SalesRight CEO Bill Wilson explores this topic on the SalesBabble Podcast — listen by clicking here.
Selling B2B SaaS has dramatically evolved in recent years, but the core of a great sales strategy has stayed the same: build strong relationships to build lifelong customers.
While the concept is simple, the implementation can be a struggle. Salespeople are naturally viewed as distrustful — the Simpsons display it perfectly.
There are 5 keys to nurturing relationships in SaaS that you can start using today:
1. Offer More Choice
As salespeople, we should understand our customers inside and out — that’s how we pick packages that are best for them. But this doesn’t eliminate the role of questions and choice from your prospect. In fact. this knowledge should inform your ability to include your prospect in the process.
Empowering prospects with choice is a fundemental piece of building strong relationships. Prospects want to choose their own destiny and feel like they are participating in the conversation surrounding the deal — especially pricing.
People want to make and commit to deals based on trust. If you can open up your sales process, and especially your pricing, prospects are going to want to commit and trust you.
2. Write Smarter, Not Longer, Proposals
Sometimes proposals are a necessary evil. But that doesn’t mean you need heavy proposal processes clogging up your sales process.
This is really important for high-velocity sales teams. You need to move and close deals quickly — you can’t do this if you’re spending hours writing proposals for each deal. To avoid this unnecessary timesuck, focus on the aspects of the proposal your prospect values the most. Learn more about succinct proposal writing for SaaS here.
3. Say No When Necessary
Is your prospect the perfect fit, or more like a round peg in a square hole?
It’s easy to tell if a prospect is not in your ICP — but it’s hard to say no to people knocking at your door.
The bottom line is this: if the use case isn’t right, you can’t deliver the value your prospects wants (or needs) to fully solve their problems. This wastes both your time and theirs. Plus, the renewal process is harder when your value isn’t fully utilized.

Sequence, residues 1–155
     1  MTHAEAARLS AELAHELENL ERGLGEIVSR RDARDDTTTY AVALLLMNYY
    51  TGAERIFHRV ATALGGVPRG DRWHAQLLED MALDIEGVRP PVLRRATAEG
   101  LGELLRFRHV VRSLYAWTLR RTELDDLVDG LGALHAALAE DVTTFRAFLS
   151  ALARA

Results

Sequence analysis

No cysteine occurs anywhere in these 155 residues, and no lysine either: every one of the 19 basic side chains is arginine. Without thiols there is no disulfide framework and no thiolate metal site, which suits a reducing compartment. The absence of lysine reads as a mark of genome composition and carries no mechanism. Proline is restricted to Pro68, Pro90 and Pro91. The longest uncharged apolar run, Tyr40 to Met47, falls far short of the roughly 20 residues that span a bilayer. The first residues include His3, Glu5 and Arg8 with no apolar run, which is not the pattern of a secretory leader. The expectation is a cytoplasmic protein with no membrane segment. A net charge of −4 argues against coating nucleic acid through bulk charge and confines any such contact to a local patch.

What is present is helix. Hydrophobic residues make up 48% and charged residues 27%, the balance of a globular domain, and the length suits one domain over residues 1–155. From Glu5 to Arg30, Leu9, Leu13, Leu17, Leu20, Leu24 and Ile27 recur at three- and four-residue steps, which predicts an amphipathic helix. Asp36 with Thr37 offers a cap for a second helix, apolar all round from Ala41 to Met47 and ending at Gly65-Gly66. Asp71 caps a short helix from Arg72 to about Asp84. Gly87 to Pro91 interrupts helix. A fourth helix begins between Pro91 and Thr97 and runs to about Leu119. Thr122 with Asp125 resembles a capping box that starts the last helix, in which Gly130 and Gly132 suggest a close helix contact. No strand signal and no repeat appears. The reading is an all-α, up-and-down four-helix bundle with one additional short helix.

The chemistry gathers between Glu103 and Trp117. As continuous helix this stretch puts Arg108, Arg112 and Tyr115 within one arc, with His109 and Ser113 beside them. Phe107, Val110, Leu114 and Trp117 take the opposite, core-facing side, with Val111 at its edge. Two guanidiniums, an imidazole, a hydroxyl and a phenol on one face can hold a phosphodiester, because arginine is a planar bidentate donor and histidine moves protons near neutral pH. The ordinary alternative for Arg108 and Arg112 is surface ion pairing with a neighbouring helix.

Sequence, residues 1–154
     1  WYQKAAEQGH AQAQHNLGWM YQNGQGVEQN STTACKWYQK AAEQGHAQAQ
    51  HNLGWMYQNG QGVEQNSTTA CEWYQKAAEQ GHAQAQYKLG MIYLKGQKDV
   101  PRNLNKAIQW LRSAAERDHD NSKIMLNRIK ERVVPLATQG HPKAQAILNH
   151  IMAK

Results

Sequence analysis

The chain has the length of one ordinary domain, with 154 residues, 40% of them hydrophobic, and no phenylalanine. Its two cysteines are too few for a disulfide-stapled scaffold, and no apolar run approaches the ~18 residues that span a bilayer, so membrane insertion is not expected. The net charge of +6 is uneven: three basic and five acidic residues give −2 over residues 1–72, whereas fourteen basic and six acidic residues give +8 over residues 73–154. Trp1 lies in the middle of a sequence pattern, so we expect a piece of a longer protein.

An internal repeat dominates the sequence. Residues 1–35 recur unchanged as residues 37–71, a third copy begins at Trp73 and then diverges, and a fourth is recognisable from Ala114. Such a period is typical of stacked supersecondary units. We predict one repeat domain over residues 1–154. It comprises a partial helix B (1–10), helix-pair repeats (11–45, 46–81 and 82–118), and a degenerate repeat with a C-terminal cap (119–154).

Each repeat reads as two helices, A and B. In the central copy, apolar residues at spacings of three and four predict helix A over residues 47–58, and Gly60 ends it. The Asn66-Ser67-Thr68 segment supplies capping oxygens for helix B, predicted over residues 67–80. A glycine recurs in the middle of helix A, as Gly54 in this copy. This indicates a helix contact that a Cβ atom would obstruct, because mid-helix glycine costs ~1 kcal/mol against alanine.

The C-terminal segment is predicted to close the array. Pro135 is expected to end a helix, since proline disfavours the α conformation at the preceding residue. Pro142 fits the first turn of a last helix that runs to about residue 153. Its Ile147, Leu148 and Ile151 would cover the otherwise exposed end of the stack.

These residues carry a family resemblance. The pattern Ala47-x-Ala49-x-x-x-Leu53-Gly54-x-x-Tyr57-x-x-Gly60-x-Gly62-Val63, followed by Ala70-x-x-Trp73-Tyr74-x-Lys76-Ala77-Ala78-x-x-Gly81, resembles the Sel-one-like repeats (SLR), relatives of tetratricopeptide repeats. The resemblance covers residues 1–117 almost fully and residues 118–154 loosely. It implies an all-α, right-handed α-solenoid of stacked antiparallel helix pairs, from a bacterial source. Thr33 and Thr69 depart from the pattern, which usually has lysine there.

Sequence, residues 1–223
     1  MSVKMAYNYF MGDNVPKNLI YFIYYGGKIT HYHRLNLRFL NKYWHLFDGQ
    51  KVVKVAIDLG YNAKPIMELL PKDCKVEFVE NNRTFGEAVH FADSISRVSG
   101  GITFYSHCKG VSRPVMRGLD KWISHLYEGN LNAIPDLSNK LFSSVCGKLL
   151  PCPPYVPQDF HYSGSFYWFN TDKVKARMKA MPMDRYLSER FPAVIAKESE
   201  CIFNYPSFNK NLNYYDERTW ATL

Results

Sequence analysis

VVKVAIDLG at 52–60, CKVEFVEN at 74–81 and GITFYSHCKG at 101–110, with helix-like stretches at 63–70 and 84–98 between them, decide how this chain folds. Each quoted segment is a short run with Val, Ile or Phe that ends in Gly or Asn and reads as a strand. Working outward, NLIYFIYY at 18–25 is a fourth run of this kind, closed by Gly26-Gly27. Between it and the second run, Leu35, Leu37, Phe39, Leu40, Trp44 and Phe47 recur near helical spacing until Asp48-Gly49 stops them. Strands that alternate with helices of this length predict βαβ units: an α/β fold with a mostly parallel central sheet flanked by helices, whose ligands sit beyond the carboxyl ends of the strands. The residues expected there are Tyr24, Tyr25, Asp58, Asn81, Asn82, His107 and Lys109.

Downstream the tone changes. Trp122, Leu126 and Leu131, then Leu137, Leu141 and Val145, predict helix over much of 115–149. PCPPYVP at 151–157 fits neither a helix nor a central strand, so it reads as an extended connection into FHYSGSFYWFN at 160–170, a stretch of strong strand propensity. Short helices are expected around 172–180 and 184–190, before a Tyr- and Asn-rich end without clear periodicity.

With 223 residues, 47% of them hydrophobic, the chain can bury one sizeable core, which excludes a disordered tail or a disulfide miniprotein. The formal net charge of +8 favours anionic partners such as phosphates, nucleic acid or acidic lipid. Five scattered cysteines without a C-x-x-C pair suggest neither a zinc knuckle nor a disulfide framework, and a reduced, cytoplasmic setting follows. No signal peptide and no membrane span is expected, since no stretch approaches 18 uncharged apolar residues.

As salespeople, our job isn’t to sell — it’s to put value in the hands of people who need it. To serve the best customers and offer the most value, learn to say no. In the long run, it will be worth it.
4. Make Every Follow-up High Value
Every salesperson knows that follow-ups are a necessity of the job. A good follow-up builds the foundation needed to keep top of mind with prospects.
To do this, do more than ask the prospects what they think. Messages like “Hi again, following up on my last email” are low valule to the person receiving them. In contrast, sending a message that points out changes, updates, or key values mentioned in previous conversations engages the prospect’s needs and shows them you’re paying attention to what they want.
5. Ask for the Close
This seems like an obvious solution — and yet it’s something salespeople hesitate to do. Explicitly asking for the close is the best way to build strong relationships. Why? Because every time you ask, you’ll learn something new about what’s working in your sales strategy and what needs improving for next time.
When you explicitly ask for the close, the prospect will likely say more than “yes” — they’ll tell you how they feel about moving forward in a way that informs your relationships and builds trust.
If they say “no”, this opens the door to figure out what’s holding them back. Learning objections is a great way to inform future sales strategies.
If you’re being faced with pricing objections, your problem is likely that you’re not translating your value clearly. SalesRight was designed to eliminate this problem. Click here to learn more about how SalesRight can boost B2B SaaS opportunity to close rate by 30%.